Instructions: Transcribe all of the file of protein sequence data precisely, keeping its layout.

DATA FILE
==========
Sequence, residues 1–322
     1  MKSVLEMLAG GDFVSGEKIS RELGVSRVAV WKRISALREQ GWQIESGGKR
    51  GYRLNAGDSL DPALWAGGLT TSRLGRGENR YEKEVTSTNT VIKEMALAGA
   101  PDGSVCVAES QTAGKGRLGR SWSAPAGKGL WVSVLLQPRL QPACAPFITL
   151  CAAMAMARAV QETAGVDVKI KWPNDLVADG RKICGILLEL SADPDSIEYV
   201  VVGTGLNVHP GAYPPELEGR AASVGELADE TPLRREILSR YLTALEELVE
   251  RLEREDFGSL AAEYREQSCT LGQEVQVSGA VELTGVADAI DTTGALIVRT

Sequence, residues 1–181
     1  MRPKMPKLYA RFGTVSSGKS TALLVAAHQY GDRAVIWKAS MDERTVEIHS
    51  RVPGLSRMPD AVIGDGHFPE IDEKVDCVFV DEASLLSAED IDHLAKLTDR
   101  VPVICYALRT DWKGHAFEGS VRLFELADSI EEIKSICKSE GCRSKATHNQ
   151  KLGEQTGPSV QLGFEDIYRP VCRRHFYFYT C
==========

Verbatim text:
Sequence, residues 1–322
     1  MKSVLEMLAG GDFVSGEKIS RELGVSRVAV WKRISALREQ GWQIESGGKR
    51  GYRLNAGDSL DPALWAGGLT TSRLGRGENR YEKEVTSTNT VIKEMALAGA
   101  PDGSVCVAES QTAGKGRLGR SWSAPAGKGL WVSVLLQPRL QPACAPFITL
   151  CAAMAMARAV QETAGVDVKI KWPNDLVADG RKICGILLEL SADPDSIEYV
   201  VVGTGLNVHP GAYPPELEGR AASVGELADE TPLRREILSR YLTALEELVE
   251  RLEREDFGSL AAEYREQSCT LGQEVQVSGA VELTGVADAI DTTGALIVRT

Sequence, residues 1–181
     1  MRPKMPKLYA RFGTVSSGKS TALLVAAHQY GDRAVIWKAS MDERTVEIHS
    51  RVPGLSRMPD AVIGDGHFPE IDEKVDCVFV DEASLLSAED IDHLAKLTDR
   101  VPVICYALRT DWKGHAFEGS VRLFELADSI EEIKSICKSE GCRSKATHNQ
   151  KLGEQTGPSV QLGFEDIYRP VCRRHFYFYT C